HUD's Office of Fair Housing Secures Appropriate Housing for Disabled Vet

While Edgar and Sandra Figueroa-Torres have given years of service to their country, it took a fair housing complaint to secure accessible military housing for them.

- Mr. Figueroa-Torres with his daughter, Aidaliz

Edgar Figueroa-Torres served forty years with the US Army. In February of 1990, in Landsthl Germany, while participating in a training exercise, Edgar fell. The 138 lbs. of equipment he was carrying caused a permanent, progressive, spinal injury.Today, Edgar can walk short distances with a cane, but chiefly relies upon a motorized wheelchair for mobility.

In 2008, Sandra Figueroa-Torres received a job offer from Walter Reed Army Hospital, in Washington, DC.The couple was excited for the opportunity but worried about moving from Georgia, where they had been living, to the high cost area surrounding Walter Reed. Edgar and Sandra, who met while serving in the Army, were pleased to learn that they could live on the grounds of Fort Meade through a new program that makes surplus housing on military bases available to civilian contractors and veterans. They faxed their paperwork to the private company contracted to manage the Army's housing stock and were told they qualified for housing within Fort Meade.

Mr. Figueroa-Torres is holding his grandson. To the left we see Curtis McMeekin, HUD Equal Opportunity Specialist. To the Right, Phyllis Weinstein, HUD investigator.

When Edgar and Sandra arrived in DC they were not able to view or assume possession of a house immediately and spent several weeks in a hotel. When their house was ready for occupancy, they were eager to get settled. But, as Sandra visited the house to which they had been assigned, she realized that her family had a new problem-the house was a two-story townhouse, with no bathroom on the first floor.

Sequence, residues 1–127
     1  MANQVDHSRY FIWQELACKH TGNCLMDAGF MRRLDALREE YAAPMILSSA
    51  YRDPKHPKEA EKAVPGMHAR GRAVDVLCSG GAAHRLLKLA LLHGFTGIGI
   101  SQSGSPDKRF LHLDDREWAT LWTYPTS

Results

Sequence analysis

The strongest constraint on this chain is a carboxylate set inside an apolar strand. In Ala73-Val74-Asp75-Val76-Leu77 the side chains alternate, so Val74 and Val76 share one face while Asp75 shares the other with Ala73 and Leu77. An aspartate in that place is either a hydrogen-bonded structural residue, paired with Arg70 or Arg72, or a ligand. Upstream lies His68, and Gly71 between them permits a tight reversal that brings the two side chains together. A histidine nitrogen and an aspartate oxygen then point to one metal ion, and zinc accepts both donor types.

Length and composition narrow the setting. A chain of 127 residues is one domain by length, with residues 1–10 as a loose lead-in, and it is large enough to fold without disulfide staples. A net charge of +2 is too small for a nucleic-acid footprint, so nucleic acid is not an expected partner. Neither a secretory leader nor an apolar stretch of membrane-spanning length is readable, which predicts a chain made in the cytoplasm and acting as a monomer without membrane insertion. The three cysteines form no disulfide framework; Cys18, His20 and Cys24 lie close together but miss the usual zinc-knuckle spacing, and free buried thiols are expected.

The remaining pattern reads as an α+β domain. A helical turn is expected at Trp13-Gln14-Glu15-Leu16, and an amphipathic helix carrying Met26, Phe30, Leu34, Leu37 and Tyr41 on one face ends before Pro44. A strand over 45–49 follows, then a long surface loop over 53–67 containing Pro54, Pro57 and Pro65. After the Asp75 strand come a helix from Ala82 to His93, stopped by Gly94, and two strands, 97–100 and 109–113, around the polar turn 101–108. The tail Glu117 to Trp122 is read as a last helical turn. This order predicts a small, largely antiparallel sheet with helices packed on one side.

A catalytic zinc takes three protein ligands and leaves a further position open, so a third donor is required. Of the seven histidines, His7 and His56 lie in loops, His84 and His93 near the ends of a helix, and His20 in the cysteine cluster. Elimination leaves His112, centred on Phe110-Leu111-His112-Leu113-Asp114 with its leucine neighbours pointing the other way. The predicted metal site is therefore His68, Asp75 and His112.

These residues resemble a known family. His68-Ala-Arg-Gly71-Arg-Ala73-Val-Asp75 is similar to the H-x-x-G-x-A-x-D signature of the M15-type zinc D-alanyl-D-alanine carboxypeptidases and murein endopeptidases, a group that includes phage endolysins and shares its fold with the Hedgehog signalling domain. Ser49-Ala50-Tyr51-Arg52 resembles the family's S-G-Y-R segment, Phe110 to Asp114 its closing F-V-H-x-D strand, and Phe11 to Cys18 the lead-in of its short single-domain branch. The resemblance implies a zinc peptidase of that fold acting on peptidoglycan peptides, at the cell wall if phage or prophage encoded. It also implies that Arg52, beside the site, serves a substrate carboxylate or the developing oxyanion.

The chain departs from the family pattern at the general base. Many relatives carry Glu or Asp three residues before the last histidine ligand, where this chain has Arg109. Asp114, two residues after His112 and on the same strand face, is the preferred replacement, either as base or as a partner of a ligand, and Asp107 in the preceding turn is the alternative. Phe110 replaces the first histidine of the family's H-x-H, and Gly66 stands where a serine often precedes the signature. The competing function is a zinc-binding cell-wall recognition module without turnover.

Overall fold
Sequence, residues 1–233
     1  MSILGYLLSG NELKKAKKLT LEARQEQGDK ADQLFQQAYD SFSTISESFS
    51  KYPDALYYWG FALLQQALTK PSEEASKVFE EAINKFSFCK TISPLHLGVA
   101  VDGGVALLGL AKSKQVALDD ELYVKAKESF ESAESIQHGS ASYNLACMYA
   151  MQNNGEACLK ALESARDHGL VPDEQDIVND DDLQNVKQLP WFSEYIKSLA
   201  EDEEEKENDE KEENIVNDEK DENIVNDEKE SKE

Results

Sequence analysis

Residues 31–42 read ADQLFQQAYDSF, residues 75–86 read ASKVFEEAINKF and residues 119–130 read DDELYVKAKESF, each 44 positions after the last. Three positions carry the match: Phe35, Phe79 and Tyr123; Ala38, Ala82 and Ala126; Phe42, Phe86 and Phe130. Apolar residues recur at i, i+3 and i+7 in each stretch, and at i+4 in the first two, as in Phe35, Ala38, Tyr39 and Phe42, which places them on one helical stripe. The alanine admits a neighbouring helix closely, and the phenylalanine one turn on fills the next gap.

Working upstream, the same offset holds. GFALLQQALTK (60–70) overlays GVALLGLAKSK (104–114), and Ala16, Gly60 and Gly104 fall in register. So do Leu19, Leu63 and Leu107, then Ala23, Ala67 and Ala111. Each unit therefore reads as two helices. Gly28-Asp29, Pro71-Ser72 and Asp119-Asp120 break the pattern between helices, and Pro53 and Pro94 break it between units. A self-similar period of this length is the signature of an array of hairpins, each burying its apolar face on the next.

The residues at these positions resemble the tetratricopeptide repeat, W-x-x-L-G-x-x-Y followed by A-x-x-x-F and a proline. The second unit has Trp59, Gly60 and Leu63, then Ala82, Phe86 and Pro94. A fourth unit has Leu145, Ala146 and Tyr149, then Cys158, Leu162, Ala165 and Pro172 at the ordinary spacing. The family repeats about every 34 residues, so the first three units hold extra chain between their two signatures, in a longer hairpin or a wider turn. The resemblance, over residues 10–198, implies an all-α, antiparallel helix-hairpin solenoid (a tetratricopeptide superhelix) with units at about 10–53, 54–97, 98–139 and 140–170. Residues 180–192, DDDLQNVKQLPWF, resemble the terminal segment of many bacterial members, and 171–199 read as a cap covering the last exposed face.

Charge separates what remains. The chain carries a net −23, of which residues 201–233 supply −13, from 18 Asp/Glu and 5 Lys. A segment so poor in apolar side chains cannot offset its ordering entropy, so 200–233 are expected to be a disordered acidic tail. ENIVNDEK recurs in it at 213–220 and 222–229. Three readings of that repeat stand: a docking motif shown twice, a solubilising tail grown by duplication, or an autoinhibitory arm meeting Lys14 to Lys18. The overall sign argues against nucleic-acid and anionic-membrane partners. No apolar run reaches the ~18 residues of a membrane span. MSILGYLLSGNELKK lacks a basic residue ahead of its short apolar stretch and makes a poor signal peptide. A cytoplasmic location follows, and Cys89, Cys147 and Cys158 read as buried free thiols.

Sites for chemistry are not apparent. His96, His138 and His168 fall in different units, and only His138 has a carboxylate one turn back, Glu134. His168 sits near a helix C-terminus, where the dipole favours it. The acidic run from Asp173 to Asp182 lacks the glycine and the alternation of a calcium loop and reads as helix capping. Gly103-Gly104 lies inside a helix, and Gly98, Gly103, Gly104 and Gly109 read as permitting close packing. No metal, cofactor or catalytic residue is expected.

The couple immediately spoke to the Army officer who manages the contract for housing services about their difficulty. They agreed to move into the unit temporarily, but requested a transfer to a more accessible dwelling as soon as possible. Initially, they were told that nothing was available to them.

On October 16, 2008, Edgar and Sandra filed a fair housing complaint which was investigated by HUD's Office of Fair Housing in Baltimore.The complaint was conciliated when the Army's contractor agreed to allow the Figueroa-Torres family to relocate to a single-story townhome and to provide a curb cut and designated parking space, reserved just for Mr. Figueroa-Torres, out front. The family relocated in May of 2009.

Today, Edgar Figueroa-Torres has begun working toward a Masters Degree in health administration, enjoying the greater freedom he has to come and go easily from his dwelling. Sandra Figueroa-Torres says she can now concentrate on her demanding job at Walter Reed, without worrying about how her husband is managing.

When asked to describe the difference moving into appropriate housing has made, Mr. Figueroa-Torres said, "I don't feel denigrated and ashamed anymore. My self esteem and self respect have returned."

Content Archived: May 25, 2012